The Endless Thread

by Gerald Makin

Select Format


Book Details

Language : English
Publication Date : 8/15/2013

Format : Softcover
Dimensions : 8.25x11
Page Count : 122
ISBN : 9781452508382
Format : E-Book
Dimensions : N/A
Page Count : 122
ISBN : 9781452508399

About the Book

The Endless Thread is a clearly written account of the discovery of a very ancient and hitherto secret Celtic oral tradition, dating back to a time long before the Celts became known to history. This tradition is a cornucopia of knowledge and beliefs, which are relevant to the present time and demand a total re-evaluation of our most cherished beliefs.

This knowledge was held is secret, because in historical times, it could not have been understood. Church and state would have sought to extinguish it, seeing it as a threat to their power. Western culture has now reached a stage at which what has been so carefully preserved can be considered by minds not burdened by dogma, religious or scientific.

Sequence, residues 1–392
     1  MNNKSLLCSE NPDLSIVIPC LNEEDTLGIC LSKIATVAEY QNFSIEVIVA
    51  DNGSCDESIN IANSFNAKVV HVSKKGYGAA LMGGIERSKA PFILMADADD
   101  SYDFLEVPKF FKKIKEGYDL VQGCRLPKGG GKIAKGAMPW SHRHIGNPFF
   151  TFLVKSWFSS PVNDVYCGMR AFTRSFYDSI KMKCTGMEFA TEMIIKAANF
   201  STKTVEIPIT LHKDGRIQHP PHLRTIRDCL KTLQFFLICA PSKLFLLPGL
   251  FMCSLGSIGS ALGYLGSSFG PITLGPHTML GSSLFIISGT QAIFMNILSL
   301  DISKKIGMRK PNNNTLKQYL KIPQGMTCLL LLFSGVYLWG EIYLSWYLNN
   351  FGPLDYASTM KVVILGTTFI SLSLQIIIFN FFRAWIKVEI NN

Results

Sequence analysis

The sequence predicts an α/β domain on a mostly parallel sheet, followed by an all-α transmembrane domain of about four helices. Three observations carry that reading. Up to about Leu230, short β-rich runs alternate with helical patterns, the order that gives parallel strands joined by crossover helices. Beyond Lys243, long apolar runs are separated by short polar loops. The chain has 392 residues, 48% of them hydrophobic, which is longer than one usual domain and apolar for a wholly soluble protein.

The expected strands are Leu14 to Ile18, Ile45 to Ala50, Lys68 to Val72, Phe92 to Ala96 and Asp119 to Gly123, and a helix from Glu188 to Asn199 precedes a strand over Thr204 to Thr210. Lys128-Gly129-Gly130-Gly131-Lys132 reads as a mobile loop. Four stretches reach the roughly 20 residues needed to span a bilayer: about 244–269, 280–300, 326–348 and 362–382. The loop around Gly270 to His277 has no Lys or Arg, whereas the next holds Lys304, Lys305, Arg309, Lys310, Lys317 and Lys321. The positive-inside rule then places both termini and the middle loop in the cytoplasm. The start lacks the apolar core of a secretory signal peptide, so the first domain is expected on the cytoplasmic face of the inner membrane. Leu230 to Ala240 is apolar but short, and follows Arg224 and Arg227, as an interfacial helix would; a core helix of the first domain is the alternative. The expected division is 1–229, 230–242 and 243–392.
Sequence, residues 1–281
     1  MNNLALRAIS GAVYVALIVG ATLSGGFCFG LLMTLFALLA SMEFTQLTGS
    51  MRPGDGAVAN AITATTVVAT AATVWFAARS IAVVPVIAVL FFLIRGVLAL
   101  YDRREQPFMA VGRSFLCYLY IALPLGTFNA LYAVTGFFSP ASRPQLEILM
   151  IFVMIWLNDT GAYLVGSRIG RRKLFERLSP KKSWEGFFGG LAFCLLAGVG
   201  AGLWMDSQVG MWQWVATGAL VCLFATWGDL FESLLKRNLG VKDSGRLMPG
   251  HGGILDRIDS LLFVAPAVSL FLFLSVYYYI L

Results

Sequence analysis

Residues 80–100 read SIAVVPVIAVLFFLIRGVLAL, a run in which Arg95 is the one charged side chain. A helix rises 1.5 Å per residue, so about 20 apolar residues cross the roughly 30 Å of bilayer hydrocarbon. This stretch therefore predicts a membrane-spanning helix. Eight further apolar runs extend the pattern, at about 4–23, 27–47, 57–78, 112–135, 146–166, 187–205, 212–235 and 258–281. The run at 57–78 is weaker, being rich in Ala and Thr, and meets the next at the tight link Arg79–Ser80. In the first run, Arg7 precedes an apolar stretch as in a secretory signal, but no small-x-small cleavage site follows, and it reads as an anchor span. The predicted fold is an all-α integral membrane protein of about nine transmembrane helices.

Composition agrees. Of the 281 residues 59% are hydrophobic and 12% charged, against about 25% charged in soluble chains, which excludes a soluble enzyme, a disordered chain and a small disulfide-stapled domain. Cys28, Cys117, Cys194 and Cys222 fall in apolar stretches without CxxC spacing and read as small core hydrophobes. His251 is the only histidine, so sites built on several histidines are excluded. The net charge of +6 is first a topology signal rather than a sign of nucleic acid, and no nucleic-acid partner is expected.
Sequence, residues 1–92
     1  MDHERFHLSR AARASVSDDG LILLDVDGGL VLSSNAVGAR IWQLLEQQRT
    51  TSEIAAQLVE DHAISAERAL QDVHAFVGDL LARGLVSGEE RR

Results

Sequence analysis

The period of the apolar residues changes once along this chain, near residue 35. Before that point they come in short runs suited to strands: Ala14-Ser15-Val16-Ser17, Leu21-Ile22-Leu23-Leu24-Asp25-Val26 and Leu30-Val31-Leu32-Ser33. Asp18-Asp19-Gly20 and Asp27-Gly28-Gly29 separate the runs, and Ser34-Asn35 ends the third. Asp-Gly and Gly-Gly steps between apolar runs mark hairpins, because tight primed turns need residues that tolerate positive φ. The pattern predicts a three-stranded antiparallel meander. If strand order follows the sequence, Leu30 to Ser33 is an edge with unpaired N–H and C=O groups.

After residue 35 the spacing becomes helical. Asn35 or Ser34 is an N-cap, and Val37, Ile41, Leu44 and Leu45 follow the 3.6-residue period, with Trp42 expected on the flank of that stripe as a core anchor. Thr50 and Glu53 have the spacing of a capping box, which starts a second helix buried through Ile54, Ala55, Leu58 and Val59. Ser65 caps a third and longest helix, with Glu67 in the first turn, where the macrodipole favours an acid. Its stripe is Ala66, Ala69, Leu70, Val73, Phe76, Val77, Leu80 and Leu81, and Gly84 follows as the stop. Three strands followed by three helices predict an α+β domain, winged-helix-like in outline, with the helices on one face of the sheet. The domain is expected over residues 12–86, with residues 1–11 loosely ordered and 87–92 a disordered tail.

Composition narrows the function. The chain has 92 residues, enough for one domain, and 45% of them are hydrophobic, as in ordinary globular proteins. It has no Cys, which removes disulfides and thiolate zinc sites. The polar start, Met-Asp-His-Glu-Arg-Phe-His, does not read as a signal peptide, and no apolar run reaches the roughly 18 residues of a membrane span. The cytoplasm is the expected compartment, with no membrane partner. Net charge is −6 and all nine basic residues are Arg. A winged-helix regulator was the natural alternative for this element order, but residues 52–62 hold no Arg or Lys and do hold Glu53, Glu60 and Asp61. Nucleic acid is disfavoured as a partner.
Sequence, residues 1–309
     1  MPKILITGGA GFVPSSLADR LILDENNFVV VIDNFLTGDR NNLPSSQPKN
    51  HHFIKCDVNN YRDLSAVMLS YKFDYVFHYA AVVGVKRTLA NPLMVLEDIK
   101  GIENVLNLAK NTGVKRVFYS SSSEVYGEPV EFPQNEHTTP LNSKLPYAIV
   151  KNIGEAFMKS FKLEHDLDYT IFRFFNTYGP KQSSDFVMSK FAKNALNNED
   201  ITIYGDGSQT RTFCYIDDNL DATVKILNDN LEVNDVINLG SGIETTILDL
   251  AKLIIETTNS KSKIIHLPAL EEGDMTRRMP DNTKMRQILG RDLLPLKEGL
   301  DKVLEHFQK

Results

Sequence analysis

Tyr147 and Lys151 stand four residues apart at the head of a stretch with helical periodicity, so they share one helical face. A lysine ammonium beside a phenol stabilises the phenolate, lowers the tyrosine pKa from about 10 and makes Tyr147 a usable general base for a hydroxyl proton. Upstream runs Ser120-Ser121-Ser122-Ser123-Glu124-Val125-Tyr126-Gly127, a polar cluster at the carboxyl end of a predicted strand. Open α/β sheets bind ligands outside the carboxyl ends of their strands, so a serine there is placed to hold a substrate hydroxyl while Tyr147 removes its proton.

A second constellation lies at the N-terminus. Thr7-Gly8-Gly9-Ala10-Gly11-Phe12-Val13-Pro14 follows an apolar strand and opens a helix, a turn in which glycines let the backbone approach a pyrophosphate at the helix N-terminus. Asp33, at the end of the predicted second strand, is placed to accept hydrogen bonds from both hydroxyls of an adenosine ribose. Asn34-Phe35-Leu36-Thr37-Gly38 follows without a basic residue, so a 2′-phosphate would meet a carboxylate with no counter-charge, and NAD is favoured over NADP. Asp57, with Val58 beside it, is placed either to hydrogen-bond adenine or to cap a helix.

Important aspects of the ancient knowledge are encoded in the Book of Kells, now in the keeping of Trinity College, Dublin. A detailed explanation is given here. Other sources are described and illustrated.

The author has made a major discovery, hidden for millennia in the prehistoric Glastonbury Zodiac. This too is illustrated. Other discoveries are also described.

What was the deluge, remembered in the lore of many peoples throughout the world? An explanation is suggested here.

Although the existence of Atlantis is usually denied as a geological impossibility, the Celtic tradition sidesteps this view with a radical alternative, also accounting for the fabled continent of Mu.

Personal experiences of the author and others are interwoven with the main theme of this book, some surprising, some harrowing, and some humorous.

The Endless Thread commends itself to those seeking answers, but not to the gullible or to sensation-seekers.

About the Author

Gerald Makin is a retired teacher and lecturer and a practicing artist. He was born in England, coming to Tasmania in 1972. Makin is married with two grown children.

In addition to research, art, and writing, his main interests are reading, travel, and classical music.